I have a radical proposition: women who want to study, work in, and lead businesses in science and technology have much to add and should be proactively empowered to do so.
At first glance, it’s easy to characterize the lack of women in technology and entrepreneurship as a pipeline problem.
The statistics are tellingly bleak — Girls Who Code reports that about 74 percent of young girls express interest in STEM fields and computer science.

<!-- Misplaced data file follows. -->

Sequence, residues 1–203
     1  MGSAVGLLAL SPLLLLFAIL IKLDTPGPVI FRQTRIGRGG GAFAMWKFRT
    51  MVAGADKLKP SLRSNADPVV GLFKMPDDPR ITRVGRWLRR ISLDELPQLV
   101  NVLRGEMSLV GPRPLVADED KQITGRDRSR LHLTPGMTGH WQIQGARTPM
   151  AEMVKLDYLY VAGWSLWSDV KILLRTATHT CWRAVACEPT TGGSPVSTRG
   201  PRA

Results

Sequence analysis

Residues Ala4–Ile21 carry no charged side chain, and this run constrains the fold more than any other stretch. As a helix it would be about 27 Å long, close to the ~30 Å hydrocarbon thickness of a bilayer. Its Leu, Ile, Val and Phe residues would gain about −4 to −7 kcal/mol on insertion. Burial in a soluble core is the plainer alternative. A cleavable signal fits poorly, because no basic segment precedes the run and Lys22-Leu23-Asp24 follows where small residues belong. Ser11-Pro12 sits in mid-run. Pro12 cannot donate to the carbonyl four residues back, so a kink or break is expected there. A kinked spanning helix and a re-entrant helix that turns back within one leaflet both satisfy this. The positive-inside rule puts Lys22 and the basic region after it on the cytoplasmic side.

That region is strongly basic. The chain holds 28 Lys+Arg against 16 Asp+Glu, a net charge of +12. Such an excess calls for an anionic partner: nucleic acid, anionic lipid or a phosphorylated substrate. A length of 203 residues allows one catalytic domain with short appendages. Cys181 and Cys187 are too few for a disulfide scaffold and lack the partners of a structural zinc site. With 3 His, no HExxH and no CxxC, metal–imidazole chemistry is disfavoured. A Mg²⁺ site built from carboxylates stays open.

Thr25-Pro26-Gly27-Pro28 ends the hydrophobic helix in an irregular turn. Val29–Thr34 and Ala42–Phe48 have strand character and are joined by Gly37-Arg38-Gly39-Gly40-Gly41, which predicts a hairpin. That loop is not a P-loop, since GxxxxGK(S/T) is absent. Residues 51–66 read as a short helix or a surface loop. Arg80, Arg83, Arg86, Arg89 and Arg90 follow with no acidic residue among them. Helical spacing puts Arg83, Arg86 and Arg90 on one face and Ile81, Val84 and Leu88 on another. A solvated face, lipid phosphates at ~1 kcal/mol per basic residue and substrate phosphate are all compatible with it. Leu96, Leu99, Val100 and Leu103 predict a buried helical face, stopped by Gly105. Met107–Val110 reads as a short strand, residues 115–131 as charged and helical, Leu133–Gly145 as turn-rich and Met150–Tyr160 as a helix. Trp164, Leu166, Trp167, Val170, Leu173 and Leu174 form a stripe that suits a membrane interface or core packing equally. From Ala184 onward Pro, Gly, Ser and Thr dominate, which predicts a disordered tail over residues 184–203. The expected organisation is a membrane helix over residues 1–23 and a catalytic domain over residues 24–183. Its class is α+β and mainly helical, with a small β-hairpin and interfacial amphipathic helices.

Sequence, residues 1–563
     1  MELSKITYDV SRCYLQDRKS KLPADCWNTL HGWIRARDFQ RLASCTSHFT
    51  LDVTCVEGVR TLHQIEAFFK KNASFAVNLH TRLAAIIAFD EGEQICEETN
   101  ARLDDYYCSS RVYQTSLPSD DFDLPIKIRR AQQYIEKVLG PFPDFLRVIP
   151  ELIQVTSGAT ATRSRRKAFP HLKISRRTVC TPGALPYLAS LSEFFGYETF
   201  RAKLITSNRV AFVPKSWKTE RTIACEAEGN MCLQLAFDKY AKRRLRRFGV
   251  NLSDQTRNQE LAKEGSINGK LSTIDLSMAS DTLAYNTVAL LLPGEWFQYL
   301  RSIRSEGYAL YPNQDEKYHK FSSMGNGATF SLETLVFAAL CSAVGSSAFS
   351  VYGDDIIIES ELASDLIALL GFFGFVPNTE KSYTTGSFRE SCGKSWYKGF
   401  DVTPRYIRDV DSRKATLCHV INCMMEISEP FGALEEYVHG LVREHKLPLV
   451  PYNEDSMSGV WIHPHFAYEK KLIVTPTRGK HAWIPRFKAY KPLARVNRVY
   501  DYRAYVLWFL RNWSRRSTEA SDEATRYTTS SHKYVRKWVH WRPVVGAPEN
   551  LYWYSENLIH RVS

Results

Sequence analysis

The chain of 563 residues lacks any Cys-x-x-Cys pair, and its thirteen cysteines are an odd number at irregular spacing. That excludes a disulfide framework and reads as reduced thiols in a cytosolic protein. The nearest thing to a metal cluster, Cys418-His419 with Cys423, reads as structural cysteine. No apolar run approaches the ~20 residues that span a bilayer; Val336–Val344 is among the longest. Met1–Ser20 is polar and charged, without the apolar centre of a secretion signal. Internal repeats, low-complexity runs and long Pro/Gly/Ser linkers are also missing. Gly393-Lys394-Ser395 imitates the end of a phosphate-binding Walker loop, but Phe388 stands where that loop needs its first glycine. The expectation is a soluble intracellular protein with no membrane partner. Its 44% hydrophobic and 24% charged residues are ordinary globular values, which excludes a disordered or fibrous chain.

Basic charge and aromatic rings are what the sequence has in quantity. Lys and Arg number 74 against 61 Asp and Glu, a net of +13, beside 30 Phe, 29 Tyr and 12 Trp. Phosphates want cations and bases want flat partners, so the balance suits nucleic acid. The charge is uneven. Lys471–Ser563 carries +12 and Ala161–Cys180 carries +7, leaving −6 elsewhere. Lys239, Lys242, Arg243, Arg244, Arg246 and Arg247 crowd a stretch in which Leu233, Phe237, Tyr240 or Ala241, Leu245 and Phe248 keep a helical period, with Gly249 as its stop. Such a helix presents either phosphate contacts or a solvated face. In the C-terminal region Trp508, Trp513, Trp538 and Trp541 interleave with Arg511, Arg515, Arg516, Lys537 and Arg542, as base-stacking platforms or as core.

And yet, by the time they make decisions about what to study and where to start their careers, something happens.
Only 18 percent of undergraduate computer science degrees and 26 percent of computing jobs are held by women.
It’s worse at the top of the corporate world — just 5 percent of leadership positions in the technology industry are held by women.
A better question might be, how can we collectively work to improve women’s participation in the tech industry at each key stage of their careers?
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